Slums: Cities Of Tomorrow

Down and out

SLUMS: CITIES OF TOMORROW (Jean-Nicolas Orhon). 82 minutes. Subtitled. Opens Friday (November 7) at the Bloor Hot Docs Cinema. For venues and times, see Movies. Rating: NN

The documentary Slums: Cities Of Tomorrow tours “squatter communities” from Bangalore to New Jersey, offering an emotionally flat survey with only a few insights. The film never homes in on an argument or a point.

Like its subject, Slums is overpopulated, a filmed Rolodex of talking heads. Sociologists take turns defining low-to-no-income makeshift neighbourhoods around the world, while the people who live in them briefly list their struggles and joys. Most residents are only filmed long enough to deliver a pull quote, so it’s impossible to make a human connection to them.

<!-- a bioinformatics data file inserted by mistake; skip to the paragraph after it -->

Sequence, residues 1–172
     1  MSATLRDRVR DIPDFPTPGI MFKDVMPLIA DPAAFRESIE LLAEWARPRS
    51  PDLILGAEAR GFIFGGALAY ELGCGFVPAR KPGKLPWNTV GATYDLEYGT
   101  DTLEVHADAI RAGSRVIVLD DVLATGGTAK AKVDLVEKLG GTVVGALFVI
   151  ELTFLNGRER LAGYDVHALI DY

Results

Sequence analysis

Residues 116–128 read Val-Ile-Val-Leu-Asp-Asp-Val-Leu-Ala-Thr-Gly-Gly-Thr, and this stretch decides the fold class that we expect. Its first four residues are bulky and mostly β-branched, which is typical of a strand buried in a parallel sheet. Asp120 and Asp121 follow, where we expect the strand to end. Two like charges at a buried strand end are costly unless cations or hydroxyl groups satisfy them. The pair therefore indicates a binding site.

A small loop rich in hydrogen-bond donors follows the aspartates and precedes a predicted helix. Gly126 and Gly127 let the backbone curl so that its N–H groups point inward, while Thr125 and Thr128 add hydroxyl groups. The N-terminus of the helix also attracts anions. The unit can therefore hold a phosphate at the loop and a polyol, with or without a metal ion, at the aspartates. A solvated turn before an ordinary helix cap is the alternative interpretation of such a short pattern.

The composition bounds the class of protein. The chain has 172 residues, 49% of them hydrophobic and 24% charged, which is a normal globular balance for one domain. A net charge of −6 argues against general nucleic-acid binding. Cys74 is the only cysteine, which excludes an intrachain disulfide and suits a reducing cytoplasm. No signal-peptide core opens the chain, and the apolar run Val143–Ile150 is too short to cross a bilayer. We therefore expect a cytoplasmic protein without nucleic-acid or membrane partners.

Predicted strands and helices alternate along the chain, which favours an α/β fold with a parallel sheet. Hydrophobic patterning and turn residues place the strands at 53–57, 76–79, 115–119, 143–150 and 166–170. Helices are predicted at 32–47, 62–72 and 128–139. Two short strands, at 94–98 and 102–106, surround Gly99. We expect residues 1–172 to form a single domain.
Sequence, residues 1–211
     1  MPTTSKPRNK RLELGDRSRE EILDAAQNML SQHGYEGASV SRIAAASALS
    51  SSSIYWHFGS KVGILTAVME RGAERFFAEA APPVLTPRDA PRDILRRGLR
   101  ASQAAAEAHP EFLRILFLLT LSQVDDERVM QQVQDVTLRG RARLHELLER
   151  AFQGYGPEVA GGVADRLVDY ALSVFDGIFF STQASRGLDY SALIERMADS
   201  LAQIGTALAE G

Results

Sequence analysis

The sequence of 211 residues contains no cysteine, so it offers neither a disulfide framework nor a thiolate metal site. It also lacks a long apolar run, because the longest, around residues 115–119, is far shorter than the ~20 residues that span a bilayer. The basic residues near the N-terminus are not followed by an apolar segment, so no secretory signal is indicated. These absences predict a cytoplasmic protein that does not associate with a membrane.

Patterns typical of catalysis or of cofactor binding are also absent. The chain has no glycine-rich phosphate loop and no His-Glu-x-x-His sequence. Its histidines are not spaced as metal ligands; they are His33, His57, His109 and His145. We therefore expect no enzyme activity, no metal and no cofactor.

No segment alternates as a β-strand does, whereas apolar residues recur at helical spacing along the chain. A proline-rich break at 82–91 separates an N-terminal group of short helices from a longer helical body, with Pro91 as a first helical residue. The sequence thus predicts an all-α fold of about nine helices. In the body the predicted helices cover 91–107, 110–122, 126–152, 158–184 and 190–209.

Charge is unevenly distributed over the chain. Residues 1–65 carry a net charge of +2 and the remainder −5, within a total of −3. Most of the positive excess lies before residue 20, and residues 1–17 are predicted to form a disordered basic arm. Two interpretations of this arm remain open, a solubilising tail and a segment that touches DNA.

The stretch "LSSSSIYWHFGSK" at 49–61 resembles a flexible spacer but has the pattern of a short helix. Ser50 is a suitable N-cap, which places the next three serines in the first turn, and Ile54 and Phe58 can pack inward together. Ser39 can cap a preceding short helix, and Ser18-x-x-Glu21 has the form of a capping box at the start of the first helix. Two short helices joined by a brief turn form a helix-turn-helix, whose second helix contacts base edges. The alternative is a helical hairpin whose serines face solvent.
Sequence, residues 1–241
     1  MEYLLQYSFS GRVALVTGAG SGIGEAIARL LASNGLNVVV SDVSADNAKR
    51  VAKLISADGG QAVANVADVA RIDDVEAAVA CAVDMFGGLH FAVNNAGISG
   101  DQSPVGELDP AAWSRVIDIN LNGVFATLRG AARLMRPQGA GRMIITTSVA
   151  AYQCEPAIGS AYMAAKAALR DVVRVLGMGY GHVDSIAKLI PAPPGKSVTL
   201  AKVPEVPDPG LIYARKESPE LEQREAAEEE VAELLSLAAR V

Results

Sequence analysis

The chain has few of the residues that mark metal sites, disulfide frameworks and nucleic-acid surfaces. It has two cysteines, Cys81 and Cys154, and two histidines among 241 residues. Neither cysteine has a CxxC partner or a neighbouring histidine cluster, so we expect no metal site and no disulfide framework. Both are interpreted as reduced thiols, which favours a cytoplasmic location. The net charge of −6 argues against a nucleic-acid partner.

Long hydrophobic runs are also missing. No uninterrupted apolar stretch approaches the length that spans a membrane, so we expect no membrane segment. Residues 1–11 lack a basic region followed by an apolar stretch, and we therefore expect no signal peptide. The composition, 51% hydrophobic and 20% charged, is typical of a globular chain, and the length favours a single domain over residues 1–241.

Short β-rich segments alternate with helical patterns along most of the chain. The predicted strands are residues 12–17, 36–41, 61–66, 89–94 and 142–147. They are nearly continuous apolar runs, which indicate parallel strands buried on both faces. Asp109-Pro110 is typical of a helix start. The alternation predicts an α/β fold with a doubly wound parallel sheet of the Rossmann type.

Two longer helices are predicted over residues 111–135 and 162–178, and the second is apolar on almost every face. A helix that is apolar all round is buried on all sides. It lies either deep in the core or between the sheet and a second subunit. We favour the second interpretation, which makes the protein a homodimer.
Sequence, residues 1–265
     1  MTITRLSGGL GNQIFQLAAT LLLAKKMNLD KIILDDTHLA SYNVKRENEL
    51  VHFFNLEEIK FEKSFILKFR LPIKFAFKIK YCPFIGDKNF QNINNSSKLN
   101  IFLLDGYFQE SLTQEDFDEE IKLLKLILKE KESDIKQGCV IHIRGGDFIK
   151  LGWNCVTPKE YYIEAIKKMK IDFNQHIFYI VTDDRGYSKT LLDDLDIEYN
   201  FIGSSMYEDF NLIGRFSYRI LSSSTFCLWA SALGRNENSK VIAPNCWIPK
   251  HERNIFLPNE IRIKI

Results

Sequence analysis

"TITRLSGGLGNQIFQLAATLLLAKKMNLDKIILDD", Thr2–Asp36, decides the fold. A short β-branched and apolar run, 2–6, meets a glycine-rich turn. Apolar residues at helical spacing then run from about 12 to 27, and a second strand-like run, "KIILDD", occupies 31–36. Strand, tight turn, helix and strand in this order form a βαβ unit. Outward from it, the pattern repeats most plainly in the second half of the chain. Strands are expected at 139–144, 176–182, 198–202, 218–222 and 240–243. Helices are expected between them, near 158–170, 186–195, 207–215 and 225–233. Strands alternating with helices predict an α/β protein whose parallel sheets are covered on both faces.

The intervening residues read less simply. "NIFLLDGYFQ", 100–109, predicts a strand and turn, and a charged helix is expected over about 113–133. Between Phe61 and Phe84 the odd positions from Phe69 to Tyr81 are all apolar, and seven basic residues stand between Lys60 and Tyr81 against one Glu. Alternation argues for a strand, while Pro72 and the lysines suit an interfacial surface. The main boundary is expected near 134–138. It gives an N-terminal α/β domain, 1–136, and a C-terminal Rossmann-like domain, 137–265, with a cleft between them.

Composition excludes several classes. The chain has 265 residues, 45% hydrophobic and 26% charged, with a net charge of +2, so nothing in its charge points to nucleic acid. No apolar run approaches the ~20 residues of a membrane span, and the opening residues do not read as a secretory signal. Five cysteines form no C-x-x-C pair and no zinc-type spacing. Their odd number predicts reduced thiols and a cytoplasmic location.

Only an Indian mother earns our sympathy, not so much for her squalid housing but for the brave front she puts up. She instructs her children to lie at school about how well they eat so they can avoid being tormented for coming from the slums.

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